At the second trial, Brett testified that he spoke with Huffmier by telephone to arrange delivery of their children. He said he believed Huffmier sounded impaired, upset, and irritated, and would not tell him where she was. Once they agreed where to meet for the exchange, Brett called the Shawnee County Sheriff's Office to have officers present because he believed Huffmier was intoxicated.

An officer at the scene testified that he did not see Huffmier having any problems operating her vehicle when she approached, but as he got closer to explain why law enforcement officers were present he noticed a strong odor of alcohol coming from Huffmier's car. The officer said Huffmier was cooperative but had bloodshot eyes, slurred speech, and told him she had been drinking but was not drunk. The officer testified that based on Brett's statements and the officer's observations, he believed Huffmier was impaired and asked her to perform four field sobriety tests:

1. ABC test. The officer testified that he asked Huffmier to recite A through Q, but she recited A through Z. The officer said Huffmier's performance indicated impairment.

2. Finger dexterity test. The officer testified that even though Huffmier said she understood the instructions to make contact with her fingers and count out loud at the same time, the touching of her fingers was inconsistent and that Huffmier was "fumbling " and "sliding" across her fingers-an indication she was impaired.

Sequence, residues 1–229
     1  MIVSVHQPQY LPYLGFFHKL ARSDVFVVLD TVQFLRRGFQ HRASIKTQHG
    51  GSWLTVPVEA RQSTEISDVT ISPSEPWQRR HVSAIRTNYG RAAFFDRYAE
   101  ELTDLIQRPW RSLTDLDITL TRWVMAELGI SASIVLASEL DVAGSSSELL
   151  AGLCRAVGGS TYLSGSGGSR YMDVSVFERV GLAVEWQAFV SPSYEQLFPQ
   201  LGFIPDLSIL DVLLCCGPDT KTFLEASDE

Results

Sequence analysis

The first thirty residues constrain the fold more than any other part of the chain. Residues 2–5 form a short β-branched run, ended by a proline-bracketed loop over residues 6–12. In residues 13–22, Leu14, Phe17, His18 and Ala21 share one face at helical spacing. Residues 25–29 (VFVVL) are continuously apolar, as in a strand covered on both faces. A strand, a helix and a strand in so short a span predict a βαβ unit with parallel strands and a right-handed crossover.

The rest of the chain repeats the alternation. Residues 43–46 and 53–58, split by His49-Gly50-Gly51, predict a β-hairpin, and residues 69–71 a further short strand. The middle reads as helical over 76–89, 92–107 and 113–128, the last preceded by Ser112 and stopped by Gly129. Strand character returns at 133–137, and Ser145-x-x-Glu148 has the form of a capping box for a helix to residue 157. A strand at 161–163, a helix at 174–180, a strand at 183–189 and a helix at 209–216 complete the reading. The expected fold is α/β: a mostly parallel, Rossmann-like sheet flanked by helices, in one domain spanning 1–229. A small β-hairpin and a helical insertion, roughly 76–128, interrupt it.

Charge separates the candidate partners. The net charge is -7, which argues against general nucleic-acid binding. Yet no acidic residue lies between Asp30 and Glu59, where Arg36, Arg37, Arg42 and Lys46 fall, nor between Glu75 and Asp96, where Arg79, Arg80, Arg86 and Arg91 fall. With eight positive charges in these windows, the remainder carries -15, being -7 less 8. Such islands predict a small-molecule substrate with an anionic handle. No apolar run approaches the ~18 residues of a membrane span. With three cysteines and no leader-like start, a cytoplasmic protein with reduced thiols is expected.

3. One-leg stand. The officer testified Huffmier showed two clues of impairment: swaying and putting her foot down twice.

4. Walk and turn. The officer testified that Huffmier made four out of a possible eight mistakes: not keeping her balance during the instructions, starting too soon before being told to begin, making an improper turn, and taking the wrong number of steps-10, instead of 9. The officer also said Huffmier made an error during the actual walking portion of the test.

Brett also testified about his observations regarding Huffmier. He said that during the exchange with the children, "it was quite obvious she had been-she was quite intoxicated." He noted Huffmier had "a strong odor of alcohol" and that her speech "was kind of slurred." Brett stated further that from her mood swings and the way she talked, it was "extremely obvious" that she was intoxicated. He also told the jury that he had known her for 10 years, had seen her both intoxicated and sober, and definitely knew the difference.